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Compliance Management Insights - April 2024

Peter Edwards, Executive Director, Financial and Prudential Regulation

Home care and governance

In this post I want to talk to you about home care, those approved aged care providers that support older people to continue to live independently in their homes. Governance is vital to delivering a positive experience for these people. I also want to discuss how this works where providers use external suppliers, contractors or third parties to deliver services.

Delivering home services can be challenging; particularly as demand for these services grows. We often find that providers struggle to make sure that their governance systems and processes keep up with that growth. This is particularly important if a provider is meeting growing demand for their services through sub-contracting.

Many home care providers find contracting third party suppliers helps them to expand the services they can offer. However, it also adds risks that a provider must manage.

Third party suppliers and provider responsibilities

Home care providers are always responsible for the quality of the services that they provide, whether the services are delivered by their own staff or a third party.

To manage third-party arrangements, providers need to develop clear performance measures and service level agreements. This makes sure expectations of the standard of care the third party must deliver are clear. Then there must be well established systems and processes to monitor the third party’s performance against that standard. This includes providers being able to directly observe some of the care the third party is providing. Providers also need to know when the needs of the people receiving care change.

Third parties can be involved in planning a person’s care. But it’s the home care provider’s responsibility to work with the person receiving care to review and keep that planning up-to-date. Developing systems and processes that regularly assess a person’s care needs, helps make sure that care is:

  • personalised
  • able to adapt quickly to their changing needs.

Providers also need to understand that when they contract third parties, they’re trusting them with critical activities. Before signing a contract with a third party, providers need to complete due diligence to make sure the third party can deliver the necessary care. For example, providers should check the third party has the necessary:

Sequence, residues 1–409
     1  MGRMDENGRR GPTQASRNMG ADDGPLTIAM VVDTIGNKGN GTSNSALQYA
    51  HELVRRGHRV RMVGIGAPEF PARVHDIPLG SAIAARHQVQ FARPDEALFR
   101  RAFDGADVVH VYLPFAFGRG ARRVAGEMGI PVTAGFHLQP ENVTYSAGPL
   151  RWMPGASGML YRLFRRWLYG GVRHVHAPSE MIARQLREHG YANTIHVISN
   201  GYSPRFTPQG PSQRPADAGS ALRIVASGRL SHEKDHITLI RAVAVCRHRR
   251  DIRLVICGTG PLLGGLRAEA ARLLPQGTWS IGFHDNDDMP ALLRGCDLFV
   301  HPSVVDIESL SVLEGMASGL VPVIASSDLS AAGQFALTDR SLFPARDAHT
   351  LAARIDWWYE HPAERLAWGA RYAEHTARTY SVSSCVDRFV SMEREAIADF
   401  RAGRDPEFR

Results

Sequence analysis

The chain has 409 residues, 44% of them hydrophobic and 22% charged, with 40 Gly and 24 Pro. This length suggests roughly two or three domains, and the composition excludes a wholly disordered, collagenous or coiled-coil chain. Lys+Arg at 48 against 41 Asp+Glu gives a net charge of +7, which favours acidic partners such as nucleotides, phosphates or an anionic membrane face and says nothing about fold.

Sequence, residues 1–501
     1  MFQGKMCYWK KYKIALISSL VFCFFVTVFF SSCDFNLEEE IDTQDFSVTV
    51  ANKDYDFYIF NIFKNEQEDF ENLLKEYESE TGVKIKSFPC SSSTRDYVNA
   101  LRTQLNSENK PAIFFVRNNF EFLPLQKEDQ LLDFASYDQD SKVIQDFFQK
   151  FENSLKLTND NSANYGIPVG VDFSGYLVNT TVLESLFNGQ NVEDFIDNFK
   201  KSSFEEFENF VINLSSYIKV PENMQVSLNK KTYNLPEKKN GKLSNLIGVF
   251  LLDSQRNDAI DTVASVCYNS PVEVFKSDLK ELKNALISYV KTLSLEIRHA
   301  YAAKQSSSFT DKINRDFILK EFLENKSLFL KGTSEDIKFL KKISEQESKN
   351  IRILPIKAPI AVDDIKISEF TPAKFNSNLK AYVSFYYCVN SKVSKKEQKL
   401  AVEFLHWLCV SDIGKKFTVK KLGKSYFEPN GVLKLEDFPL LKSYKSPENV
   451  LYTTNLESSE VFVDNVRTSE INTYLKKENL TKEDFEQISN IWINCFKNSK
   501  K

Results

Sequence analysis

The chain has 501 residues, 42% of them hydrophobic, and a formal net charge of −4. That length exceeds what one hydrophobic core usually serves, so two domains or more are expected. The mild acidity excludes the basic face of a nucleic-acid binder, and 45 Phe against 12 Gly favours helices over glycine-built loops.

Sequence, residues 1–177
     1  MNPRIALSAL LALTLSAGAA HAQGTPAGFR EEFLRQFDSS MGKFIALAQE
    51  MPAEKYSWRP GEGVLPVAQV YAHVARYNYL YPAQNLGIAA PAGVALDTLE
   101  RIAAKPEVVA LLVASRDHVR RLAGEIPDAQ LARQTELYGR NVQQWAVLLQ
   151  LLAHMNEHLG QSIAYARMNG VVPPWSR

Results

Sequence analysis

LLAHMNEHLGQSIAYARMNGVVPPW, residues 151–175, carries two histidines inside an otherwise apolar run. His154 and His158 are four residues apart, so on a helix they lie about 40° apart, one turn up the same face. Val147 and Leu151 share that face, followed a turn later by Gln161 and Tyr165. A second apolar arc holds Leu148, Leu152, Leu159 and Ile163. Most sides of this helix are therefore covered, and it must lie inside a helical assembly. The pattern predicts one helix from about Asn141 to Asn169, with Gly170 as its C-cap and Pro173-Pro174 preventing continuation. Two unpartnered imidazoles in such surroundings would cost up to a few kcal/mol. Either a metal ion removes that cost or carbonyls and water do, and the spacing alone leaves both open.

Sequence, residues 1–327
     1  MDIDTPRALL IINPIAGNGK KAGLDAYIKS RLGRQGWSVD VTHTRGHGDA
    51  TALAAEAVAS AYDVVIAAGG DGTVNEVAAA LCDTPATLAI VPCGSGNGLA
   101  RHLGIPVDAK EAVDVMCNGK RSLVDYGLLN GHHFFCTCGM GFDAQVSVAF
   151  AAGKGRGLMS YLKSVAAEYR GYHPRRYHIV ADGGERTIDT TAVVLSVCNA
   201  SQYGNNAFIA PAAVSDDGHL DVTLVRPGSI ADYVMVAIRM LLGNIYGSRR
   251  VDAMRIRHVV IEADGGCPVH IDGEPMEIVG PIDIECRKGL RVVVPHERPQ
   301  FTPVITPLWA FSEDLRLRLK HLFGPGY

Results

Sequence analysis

• processes
  • procedures
  • staffing levels and skills
  • financial capacity.

When providers contract others to deliver services, they’re not contracting out their legal responsibilities as well. The Commission regulates approved providers. We expect providers to comply with all their aged care obligations no matter what service delivery arrangements they have.


Effective communication is vital when managing third parties. Providers must work out how they will communicate, such as through regular meetings and reports. They also need to make sure that key people are easily contactable. The provider needs to document and manage these processes. To make sure everyone is working towards the same objective of high-quality, safe care, you need to clearly communicate:

  • expectations
  • objectives
  • timelines.

Providers also need to be able to give constructive feedback so that third parties are continually aiming to improve their services.

I trust this has highlighted how important strong and effective governance arrangements are for home care providers. Particularly for those using sub-contracting arrangements to meet the growing demand for their services. 

Until next time….

Peter Edwards

Executive Director, Compliance Management Group

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